4. Be resourceful, but strategic.

We asked, “How might you feel if you realized that this person has already met, or spoken with other senior people at your organization?”

  • 62% said Good for them for being resourceful
  • 20% said Annoyed that they are taking up so much time from people within my organization

Of the 18% who chose “Other”, their comments generally indicated “it depends”, or a version of “If they are looking to get different information or perspective from a variety of departments, that makes sense”.

5. Expect a 30-minute phone call.

We asked, “If you accept a request to give some time to someone you do not already know, do you prefer to arrange an initial”

  • 48% said Phone call
  • 28% said E-mail
  • 21% said In-person meeting
  • 3% said other

And when also asked, “How much time do you tend to reserve?

  • 60% said 30 minutes
  • 18% said 15 minutes
  • 13% said 45 minutes
  • 7% said 60 minutes

The implications here are interesting.  My advice would still be to ask for a face-to-face meeting because the chance is much greater to build a good rapport and connection in person.  But regardless, whether you are meeting in person or over the phone, always plan for 30 minutes (if the meeting goes longer, that’s great!). Thirty minutes can go by very quickly, so it is critical to be prepared and strategic with your questions – build some rapport but then get to the point before it’s too late.

6. Preparation is Critical.

We asked respondents “What impresses you most?” and they were able to select more than one answer.

  • 93% said Comes with thoughtful and insightful questions for me
  • 70% said Is respectful of my time
  • 66% said Describes their career and aspirations in a crisp and compelling way
  • 66% said Has researched me and my company
  • 55% said Has specific requests of me
  • 18% said Pays for coffee or tea

Some other prominent themes in the comments section were:

  • Reciprocity- paying attention to cues or opportunities to help other person
  • Gracious, appreciative- sends a thank you email and follow-up
  • Interest in real discussion, genuine connection, not just used for personal gain

Enhance your Questions

Instead Of Try
How long have you worked at X Company? What have been some of the most important changes in the industry/company you have noticed over the past few years?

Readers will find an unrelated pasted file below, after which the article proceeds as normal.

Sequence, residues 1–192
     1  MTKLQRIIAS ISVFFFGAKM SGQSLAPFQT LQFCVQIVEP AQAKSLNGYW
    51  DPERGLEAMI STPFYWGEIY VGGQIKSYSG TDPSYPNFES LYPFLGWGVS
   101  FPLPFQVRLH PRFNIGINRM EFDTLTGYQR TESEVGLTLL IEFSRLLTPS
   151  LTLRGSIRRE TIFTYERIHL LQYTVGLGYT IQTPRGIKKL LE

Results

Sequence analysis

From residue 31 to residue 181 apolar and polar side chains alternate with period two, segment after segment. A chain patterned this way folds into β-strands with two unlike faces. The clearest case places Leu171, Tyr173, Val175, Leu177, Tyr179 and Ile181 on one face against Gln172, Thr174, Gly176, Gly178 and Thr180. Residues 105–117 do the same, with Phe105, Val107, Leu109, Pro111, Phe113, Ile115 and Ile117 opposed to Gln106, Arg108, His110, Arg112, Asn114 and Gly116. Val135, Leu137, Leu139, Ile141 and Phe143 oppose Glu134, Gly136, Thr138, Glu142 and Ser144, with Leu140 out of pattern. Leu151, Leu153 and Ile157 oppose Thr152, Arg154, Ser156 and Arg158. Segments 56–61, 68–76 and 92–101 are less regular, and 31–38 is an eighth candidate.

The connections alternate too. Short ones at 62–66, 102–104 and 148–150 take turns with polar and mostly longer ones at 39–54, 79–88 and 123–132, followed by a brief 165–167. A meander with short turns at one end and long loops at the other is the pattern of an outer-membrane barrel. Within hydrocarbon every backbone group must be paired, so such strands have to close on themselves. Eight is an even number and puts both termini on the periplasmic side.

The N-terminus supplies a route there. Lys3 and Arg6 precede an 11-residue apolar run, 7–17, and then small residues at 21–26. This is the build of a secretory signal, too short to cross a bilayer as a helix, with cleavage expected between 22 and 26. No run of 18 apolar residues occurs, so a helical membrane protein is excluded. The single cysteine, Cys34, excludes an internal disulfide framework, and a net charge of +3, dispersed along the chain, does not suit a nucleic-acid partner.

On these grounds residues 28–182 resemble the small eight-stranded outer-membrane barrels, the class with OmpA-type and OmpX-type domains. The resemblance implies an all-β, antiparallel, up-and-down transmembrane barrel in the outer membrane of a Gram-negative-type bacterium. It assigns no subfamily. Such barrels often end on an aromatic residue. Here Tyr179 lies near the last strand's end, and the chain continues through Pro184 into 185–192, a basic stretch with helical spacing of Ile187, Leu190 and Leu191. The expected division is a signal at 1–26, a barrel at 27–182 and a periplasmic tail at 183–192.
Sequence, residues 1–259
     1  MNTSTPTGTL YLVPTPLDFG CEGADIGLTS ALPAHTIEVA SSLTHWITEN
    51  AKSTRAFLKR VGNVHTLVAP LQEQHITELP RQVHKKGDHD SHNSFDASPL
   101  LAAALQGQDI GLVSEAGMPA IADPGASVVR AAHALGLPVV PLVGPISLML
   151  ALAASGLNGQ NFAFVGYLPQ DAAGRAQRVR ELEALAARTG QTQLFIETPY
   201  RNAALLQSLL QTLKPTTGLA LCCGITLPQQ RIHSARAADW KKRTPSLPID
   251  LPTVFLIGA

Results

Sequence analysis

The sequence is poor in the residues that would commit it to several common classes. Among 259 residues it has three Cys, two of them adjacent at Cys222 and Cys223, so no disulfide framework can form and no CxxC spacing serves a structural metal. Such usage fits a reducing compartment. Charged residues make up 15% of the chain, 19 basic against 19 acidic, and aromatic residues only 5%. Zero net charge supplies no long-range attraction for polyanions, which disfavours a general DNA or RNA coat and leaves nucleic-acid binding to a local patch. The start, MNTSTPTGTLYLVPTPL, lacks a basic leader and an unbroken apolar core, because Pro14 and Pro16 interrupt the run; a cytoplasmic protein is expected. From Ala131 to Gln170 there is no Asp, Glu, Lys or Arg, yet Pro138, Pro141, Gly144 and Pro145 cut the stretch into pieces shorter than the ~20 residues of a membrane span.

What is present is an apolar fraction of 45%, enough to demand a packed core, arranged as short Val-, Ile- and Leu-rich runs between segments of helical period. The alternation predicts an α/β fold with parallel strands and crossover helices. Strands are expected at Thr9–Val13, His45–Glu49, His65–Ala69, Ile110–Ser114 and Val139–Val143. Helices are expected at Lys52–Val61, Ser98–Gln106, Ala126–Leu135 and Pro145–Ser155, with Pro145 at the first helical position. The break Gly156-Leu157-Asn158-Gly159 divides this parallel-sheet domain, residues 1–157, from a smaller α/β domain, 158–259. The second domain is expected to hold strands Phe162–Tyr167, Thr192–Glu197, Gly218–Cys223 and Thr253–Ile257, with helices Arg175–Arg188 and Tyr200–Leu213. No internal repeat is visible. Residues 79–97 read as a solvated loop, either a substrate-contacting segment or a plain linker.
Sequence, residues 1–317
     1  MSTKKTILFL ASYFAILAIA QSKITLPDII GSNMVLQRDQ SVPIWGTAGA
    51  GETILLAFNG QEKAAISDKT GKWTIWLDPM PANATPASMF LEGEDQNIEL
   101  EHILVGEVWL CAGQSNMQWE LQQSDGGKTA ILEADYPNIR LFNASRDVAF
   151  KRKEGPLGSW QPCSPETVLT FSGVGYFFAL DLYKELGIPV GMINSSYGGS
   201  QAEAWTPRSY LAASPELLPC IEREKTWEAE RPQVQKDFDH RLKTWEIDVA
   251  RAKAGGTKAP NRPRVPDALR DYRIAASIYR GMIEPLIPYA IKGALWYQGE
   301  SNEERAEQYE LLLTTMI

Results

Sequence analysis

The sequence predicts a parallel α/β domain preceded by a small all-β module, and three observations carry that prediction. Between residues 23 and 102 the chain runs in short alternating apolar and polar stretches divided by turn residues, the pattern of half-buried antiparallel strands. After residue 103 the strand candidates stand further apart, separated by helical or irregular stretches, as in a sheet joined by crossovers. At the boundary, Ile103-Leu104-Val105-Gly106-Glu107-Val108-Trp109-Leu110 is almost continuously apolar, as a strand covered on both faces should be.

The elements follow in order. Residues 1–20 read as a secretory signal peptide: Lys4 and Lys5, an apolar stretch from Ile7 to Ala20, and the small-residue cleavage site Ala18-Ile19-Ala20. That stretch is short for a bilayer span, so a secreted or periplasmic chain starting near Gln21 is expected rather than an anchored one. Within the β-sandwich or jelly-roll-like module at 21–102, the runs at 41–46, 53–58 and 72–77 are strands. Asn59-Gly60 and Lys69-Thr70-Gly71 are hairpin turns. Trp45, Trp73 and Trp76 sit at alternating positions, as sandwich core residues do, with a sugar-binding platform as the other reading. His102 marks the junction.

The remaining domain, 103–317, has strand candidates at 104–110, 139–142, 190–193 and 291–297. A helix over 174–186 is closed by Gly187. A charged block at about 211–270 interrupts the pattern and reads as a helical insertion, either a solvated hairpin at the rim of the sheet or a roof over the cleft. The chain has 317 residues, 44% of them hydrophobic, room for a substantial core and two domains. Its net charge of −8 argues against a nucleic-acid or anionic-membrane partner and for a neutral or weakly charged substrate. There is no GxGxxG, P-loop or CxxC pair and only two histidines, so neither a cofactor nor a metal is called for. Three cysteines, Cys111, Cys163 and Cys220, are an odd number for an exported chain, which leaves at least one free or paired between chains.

Can you tell me the story of your career? I noticed you had a long career at X and then moved to Y just about 2 years ago. Can you share with me what brought you here?
Do you have any advice for me? What experience or traits have helped you most in your position/career?What is something you wish someone told you before getting into this line of work?
What are some current trends or hot topics in this field? I recently read a bit about X, I’m curious to hear your perspective on this?


7. What not to do…

We asked respondents to share their pet peeves about people who have tried to network with them. Here were the key themes:

  1. Not driving the conversation
  2. Wasting time, not having a specific purpose or “ask”
  3. Late or no-show
  4. Not sending a thank-you note or not following up as promised
  5. Not offering to pay for coffee
  6. Interrupting, not really listening
  7. Ask for a job outright (instead of trying to learn, share and connect)
  8. Feeling like there is a hidden agenda – not frank and transparent

To hear more about this research and Gaby’s advice on personal branding, check out her webinar here. 

This article was written by Gaby Fisch. Gaby Fisch is a trained coach and Director of Talent Development at the MaRS Discovery District, Canada’s largest innovation hub. She spent 12 years in the corporate sector before heading out to work independently as a career, entrepreneur, and executive coach. In 2014, Gaby joined the HR team at the Mars Discovery District, a role which perfectly blends her interests in HR, coaching, business, and social impact. 

Stay tuned for next week’s part 2 of this series.